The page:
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  • Karen Washburn

The 1918 Pandemic Strikes Northern Virginia!

Updated: Apr 16

It's Happened Before! Part II

(See Part I on this site)


In spite of all the optimistic statements offered by government officials that the Spanish Influenza should not be too much of a problem locally, the flu proved them wrong. It struck hard in Northern Virginia and Washington, D.C. Totally unprepared, and inexperienced with airborne contagions, the government had to quickly go into overdrive. In hopes of keeping it from spreading, the Surgeon General freely dispensed new regulations and advice. But it was too little and too late. The number of flu cases in the area accelerated with lightning speed to an epidemic level.


Red Cross Nurses Library of Congress

Newspapers published warnings, the government’s instructions, and new regulations. These required anyone out in public to cover their mouth and nose with a gauze mask. Coughing and sneezing without using a handkerchief, or spitting in public were finable offenses. Public meeting places, schools, and churches were closed. So were all theaters and pool halls. Stores and businesses were allowed to stay open, as were barber shops. However, barbers had to wear face masks.


Trains and trolleys were ordered to travel at all times with the windows open. Closing a window was against the law. People were advised that when riding on public transportation to keep their faces averted from their neighboring passengers.

rains and trolleys were ordered to travel at all times with the windows open. Closing a window was against the law. People were advised that when riding on public transportation to keep their faces averted from their neighboring passengers. This was a difficult maneuver given the extremely crowded conditions. Temporary war workers had dramatically increased the populations of Washington, D.C. and Alexandria and most people commuted by trolleys. Therefore, social distancing was only accomplished by turning ones face away from ones neighbor.


In spite of precautions the death toll mounted. That coupled with a severe shortage of doctors, nurses, coffins, and grave diggers made for a hellish situation in many cities. Temporary hospitals were set up in churches and meeting halls. In Washington, D.C. overwhelmed undertakers had coffins with bodies in them piling up in the street in front of their establishments.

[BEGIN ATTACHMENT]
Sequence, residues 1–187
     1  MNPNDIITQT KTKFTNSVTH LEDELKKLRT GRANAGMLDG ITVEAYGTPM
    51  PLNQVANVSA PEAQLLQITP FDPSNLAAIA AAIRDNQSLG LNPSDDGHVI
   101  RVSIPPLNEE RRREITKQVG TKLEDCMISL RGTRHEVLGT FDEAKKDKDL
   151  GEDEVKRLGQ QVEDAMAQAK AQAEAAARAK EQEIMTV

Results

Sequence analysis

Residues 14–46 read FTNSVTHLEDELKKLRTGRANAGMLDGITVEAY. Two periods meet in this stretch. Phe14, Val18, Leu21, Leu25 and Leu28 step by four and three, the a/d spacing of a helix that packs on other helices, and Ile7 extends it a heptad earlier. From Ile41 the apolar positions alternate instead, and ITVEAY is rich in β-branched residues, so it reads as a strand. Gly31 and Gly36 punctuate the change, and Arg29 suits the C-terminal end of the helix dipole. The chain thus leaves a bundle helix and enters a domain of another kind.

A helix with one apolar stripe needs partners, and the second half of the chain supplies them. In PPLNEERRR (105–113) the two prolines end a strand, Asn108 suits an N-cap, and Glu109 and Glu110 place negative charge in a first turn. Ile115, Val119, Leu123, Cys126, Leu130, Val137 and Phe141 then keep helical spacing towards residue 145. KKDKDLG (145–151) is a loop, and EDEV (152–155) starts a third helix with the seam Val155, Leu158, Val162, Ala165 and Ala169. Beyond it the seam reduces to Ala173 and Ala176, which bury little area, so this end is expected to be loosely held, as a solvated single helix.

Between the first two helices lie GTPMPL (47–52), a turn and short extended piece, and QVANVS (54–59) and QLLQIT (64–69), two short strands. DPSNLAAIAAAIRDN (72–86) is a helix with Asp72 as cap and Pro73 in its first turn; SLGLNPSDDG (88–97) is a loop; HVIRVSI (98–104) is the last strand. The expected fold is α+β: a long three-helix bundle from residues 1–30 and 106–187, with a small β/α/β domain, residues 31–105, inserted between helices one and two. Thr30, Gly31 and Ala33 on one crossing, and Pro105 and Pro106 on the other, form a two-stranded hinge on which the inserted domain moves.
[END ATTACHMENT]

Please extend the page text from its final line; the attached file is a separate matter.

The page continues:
1918 Trolley In Washington, D.C. Library of Congress

About the same time that the flu struck in the District of Columbia it also began to migrate to Northern Virginia. It quickly reached an epidemic proportion in the city of Alexandria. It’s progress through the farm country was much slower no doubt because people were much more spread out. Farmers worked twelve-hour days and frequently had little contact with anyone other than household members during the week. On Saturdays they went to town to buy supplies and on Sundays many attended church.


In its October 1 edition, the Fairfax Herald published the optimistic headline: “The Influenza. Number of cases of the Disease But No Epidemic In County.” The report went on to say that while there were many cases of influenza in the county that the disease had not “the hold” on Fairfax that it did in Alexandria and Washington where victims numbered in the thousands. Obviously the writer was not taking into account the vast difference in population in the two areas under comparison. The article ended with a bright note: “If people are careful to avoid the risk of the disease it can be kept from spreading in the country districts to any great extent.” Unfortunately that’s not what happened.


There were already many flu cases throughout Loudoun County. The October 1 issue of the Loudoun Mirror had a detailed front page report from the Surgeon General. Both the Mirror and the Herald published his advice on how to avoid getting the disease and what the treatments should be for those that became ill.


1918 Red Cross Nurses Library of Congress